Data that are trustworthy, certain, definitive, and plentiful can be presented as facts, and evidence based decisions can follow from them. These are the data we hope for and search for, the science that will inform the ultimate exit strategy from this pandemic.5 But the stage of the current pandemic requires us to work with the kinds of imperfect data described above, so different approaches are needed.4
All of us making use of such data should be aware of our own confirmatory biases, avoiding groupthink and applying the same standards of scrutiny to findings that appear to support our prior beliefs or personal biases as to those that challenge them. In such circumstances we all may need to make decisions on the basis of “balance of probabilities” rather than “evidence beyond reasonable doubt.”6
Instead of seeking (or feigning) certainty we should be open about uncertainty and transparent in the ways in which we acknowledge the limitations of the imperfect data we have no choice but to use. Teams should be encouraged to admit ignorance, explore paradoxes, and reflect collectively (box 1).7 This will improve the quality of decision making by supporting constructive scrutiny and make us more open to revising our decisions as new data and evidence emerge.
Even when an evidence base seems settled, different people will reach different conclusions with the same evidence. When the evidence base is at best inchoate, divergences will be greater. Unacknowledged or suppressed conflicts over knowledge can be destructive. But, if surfaced and debated, competing interpretations can help us productively to accept all options as flawed and requiring negotiation between a range of actors in the complex system.8 If there is mutual respect and space for negotiation, such conflicts can be channelled into multifaceted solutions and adaptive actions.9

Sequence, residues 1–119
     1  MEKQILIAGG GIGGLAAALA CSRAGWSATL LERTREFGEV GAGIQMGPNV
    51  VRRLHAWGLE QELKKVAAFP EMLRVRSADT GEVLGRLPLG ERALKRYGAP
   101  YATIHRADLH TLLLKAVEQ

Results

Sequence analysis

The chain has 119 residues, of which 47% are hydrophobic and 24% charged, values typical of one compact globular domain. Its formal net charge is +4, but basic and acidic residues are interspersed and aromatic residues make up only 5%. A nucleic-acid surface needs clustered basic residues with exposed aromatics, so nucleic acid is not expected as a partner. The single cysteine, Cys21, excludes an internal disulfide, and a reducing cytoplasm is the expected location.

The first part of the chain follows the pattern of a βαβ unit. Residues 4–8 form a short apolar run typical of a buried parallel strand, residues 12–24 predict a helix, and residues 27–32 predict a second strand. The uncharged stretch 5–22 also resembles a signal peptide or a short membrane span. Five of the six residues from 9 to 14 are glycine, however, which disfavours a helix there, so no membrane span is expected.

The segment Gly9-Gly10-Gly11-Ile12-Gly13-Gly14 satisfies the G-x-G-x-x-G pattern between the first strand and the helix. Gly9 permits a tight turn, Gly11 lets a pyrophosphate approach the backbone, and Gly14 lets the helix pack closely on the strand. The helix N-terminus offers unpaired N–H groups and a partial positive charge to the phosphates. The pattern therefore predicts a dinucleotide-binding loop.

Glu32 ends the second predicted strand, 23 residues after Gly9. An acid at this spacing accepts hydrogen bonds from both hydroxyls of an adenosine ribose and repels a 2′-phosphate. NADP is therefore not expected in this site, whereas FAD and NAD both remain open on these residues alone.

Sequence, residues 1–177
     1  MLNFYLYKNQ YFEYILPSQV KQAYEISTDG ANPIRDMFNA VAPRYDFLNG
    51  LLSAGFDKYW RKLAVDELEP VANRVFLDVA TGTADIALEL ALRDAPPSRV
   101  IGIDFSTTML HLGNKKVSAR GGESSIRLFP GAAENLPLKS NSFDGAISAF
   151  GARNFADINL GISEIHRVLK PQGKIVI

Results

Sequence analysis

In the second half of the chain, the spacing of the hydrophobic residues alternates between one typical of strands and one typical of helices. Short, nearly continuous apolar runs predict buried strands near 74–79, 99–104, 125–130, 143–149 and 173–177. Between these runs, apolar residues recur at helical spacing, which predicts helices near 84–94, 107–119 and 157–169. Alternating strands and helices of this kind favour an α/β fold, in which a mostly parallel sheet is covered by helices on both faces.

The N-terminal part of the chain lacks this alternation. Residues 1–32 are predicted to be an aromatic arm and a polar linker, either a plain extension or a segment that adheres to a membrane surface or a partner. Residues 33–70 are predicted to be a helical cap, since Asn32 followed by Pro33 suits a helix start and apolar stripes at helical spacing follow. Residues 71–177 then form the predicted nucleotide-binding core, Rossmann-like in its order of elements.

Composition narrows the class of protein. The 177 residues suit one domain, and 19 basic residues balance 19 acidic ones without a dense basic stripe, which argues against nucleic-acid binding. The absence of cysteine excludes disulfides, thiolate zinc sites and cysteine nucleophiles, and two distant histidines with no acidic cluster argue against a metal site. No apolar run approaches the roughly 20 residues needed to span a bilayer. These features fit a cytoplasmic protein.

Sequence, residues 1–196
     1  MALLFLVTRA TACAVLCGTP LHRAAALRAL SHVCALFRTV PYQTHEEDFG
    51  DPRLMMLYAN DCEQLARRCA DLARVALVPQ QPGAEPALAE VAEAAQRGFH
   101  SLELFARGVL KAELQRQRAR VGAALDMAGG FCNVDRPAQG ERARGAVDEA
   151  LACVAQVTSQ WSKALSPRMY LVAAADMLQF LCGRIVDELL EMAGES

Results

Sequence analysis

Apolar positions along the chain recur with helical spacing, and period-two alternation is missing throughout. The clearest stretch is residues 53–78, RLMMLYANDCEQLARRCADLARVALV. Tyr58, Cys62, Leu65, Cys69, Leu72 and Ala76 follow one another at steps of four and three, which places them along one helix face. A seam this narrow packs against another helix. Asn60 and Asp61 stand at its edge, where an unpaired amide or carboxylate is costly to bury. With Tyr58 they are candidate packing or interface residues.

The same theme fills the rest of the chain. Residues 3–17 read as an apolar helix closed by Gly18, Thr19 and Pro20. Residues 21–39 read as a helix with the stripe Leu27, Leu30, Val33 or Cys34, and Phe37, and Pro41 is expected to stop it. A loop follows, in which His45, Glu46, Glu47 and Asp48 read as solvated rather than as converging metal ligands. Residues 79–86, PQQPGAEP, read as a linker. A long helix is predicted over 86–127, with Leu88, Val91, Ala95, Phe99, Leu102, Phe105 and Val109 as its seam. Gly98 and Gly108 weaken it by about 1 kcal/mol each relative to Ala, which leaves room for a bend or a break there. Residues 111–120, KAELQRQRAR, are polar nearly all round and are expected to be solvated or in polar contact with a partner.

Rather than demonising others for their alternative interpretations we should celebrate the different perspectives that those who engage rigorously with the science can bring to bear on the unavoidably flawed data we have to work with. The purist pursuit of an illusory, one dimensional truth is doomed to failure. Instead we must collaborate to achieve “viable clumsy solutions.” By carefully evaluating how these imperfect responses unfold in messy real world settings we can help to build the multifaceted evidence base the world urgently needs.10
Five simple rules for managing uncertainty in a pandemic
Most data will be flawed or incomplete. Be honest and transparent about this.
For some questions, certainty may never be reached. Consider carefully whether to wait for definitive evidence or act on the evidence you have.
Make sense of complex situations by acknowledging the complexity, admitting ignorance, exploring paradoxes, and reflecting collectively.
Different people (and different stakeholder groups) interpret data differently. Deliberation among stakeholders may generate multifaceted solutions.
Pragmatic interventions—carefully observed and compared in real world settings—can generate useful data to complement the findings of controlled trials and other forms of evidence.
Competing interests: None declared.
Commissioning and peer review: Commissioned; not peer reviewed.